Influenza, Human - epidemiology - prevention & control
Russia - epidemiology
Vaccination - adverse effects
Vaccines, Attenuated - administration & dosage
Vaccines, Inactivated - administration & dosage
Abstract
Published data related with comparison studies of safety, efficiency and some other properties of cold-adapted live influenza vaccine (LIV) and of inactivated influenza vaccine (IIV) are analyzed. LIV and IIV do not differ by systemic reactions after administration; however, it is not ruled out that there can be unfavorable reactions in vaccination of persons with allergy to the chicken-embryo proteins as well as in cases of persistence/reversion of cold-adapted strain observed in vaccination of persons with primary impairments of the immune system. There are no convincing data, up to now, on that LIV is superior to IIV in coping with influenza pandemics. The efficiency of LIV and IIV for children aged 3 years and more and for healthy adults is virtually identical. Additional controllable field comparative studies of LIV and IIV efficiency in immunization of elderly persons are needed. Limited data on LIV efficiency for children aged 2 months and more were obtained. The need in a 2-stage vaccination of all age group with the aim of ensuring responses to all 3 LIV components is, certainly, a LIV disadvantage. In case of IIV, the 2-stage vaccination is needed only for persons who were not ill with influenza. The intranasal LIV administration has, from the practical and psychological standpoints, an advantage before the IIV administration by syringe. The ability of LIV to protect from the drift influenza-virus variations could be its advantage before IIV; still, more research is needed to verify it. Transplantable cell lines meeting the WHO requirements could be an optimal substrate for the production of LIV and IIV. Children are the optimal age group for influenza prevention by cold-adapted LIV, whereas, IIV fits better for vaccination of adults and elderly persons.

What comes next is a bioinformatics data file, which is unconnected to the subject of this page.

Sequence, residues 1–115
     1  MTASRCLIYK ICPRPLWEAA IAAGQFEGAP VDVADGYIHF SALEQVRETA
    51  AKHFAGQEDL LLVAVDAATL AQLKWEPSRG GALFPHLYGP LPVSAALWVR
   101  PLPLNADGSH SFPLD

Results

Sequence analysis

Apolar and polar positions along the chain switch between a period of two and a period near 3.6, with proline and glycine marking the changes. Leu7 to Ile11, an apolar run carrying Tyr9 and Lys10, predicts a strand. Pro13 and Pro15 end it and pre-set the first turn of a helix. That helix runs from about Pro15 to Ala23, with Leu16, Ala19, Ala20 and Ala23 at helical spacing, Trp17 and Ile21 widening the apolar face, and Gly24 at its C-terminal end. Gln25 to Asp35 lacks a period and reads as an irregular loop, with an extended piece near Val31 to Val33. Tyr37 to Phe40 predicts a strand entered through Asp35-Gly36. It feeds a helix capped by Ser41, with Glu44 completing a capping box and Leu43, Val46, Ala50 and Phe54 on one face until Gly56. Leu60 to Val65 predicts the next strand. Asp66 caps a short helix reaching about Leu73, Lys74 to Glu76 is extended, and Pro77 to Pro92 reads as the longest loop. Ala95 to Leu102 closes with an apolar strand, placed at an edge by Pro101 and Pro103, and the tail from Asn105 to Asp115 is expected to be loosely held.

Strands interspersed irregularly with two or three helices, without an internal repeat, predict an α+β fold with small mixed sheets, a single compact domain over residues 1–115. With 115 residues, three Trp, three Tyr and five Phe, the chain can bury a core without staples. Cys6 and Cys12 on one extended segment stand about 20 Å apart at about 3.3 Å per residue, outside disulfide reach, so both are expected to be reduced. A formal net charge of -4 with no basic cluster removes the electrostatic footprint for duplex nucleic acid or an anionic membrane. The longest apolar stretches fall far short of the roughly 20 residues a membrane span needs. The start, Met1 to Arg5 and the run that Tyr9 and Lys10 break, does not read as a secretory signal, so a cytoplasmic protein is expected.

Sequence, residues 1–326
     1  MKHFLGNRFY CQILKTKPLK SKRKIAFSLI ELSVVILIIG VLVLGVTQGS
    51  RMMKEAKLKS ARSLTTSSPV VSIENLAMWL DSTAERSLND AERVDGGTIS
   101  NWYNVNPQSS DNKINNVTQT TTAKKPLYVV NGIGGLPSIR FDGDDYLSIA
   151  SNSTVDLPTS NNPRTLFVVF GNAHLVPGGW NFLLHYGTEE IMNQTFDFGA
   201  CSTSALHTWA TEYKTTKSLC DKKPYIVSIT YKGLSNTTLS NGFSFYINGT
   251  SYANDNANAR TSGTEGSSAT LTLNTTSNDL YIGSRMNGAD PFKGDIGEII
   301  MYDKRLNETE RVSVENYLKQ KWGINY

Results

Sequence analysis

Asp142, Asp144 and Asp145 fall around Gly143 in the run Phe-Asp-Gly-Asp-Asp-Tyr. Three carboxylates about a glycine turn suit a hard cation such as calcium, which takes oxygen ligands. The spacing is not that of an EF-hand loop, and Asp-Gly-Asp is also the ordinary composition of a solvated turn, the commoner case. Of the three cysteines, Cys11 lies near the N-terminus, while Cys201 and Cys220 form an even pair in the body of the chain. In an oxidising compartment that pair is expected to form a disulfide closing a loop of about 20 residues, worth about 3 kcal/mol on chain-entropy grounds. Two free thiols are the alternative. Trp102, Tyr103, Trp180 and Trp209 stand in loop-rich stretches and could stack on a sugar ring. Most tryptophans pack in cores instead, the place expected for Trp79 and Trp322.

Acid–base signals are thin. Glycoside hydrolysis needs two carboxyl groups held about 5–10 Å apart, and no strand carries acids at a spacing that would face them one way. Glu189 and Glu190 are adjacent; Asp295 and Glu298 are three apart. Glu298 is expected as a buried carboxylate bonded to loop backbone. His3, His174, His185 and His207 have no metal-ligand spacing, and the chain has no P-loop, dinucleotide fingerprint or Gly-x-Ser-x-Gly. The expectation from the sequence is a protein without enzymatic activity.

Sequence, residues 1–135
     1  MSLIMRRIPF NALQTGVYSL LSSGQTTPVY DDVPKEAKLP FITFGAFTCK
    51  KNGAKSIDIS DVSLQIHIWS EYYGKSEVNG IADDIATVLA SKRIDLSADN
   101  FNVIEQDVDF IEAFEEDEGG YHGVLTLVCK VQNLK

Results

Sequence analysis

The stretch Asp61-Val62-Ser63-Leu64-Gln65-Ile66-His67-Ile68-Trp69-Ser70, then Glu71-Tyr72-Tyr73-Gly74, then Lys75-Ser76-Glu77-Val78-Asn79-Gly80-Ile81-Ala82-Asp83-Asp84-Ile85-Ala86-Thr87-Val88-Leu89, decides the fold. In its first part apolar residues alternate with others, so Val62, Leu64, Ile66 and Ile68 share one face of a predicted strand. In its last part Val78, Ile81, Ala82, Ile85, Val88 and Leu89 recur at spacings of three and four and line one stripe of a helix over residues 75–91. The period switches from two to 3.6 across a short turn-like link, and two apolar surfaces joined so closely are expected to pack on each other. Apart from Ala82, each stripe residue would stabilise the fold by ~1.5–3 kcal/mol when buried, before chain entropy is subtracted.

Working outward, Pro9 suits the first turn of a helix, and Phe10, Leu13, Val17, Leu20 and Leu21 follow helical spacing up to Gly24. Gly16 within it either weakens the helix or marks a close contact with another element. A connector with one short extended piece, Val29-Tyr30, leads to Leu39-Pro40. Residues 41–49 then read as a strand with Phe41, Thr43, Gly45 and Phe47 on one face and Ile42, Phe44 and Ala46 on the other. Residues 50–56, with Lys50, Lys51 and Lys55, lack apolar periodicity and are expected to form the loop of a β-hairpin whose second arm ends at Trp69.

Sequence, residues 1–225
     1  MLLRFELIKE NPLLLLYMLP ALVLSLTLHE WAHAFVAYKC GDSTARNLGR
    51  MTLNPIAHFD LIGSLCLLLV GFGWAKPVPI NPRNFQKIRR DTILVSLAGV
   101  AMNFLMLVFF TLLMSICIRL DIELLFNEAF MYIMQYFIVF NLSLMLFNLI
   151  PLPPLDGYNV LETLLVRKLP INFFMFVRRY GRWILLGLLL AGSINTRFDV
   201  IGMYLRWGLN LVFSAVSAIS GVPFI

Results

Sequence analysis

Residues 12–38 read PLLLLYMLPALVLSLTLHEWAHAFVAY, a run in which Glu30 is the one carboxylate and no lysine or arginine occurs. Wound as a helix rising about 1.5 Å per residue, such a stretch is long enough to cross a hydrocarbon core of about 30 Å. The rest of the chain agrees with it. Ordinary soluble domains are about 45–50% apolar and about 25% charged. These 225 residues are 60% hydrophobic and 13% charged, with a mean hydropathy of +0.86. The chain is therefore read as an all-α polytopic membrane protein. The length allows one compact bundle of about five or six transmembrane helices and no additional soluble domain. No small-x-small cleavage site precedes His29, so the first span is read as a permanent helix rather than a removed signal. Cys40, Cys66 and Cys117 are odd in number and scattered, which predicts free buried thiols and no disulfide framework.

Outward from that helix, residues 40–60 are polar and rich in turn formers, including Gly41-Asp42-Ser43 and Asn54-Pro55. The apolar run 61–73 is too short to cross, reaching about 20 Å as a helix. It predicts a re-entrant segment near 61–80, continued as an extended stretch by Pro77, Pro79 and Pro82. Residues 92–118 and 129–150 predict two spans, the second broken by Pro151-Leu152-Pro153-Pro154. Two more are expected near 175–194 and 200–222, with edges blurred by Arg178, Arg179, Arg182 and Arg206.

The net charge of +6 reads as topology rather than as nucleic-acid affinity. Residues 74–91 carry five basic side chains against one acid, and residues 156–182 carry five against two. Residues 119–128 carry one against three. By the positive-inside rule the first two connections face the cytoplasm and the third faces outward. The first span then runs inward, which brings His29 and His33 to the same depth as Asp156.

PubMed ID
15293504 View in PubMed
Less detail

[A/Fujian--a changeable influenza virus which may cause problems during winter]

https://arctichealth.org/en/permalink/ahliterature30570
Source
Lakartidningen. 2003 Dec 11;100(50):4184-5
Publication Type
Article
Date
Dec-11-2003

334 records – page 1 of 34.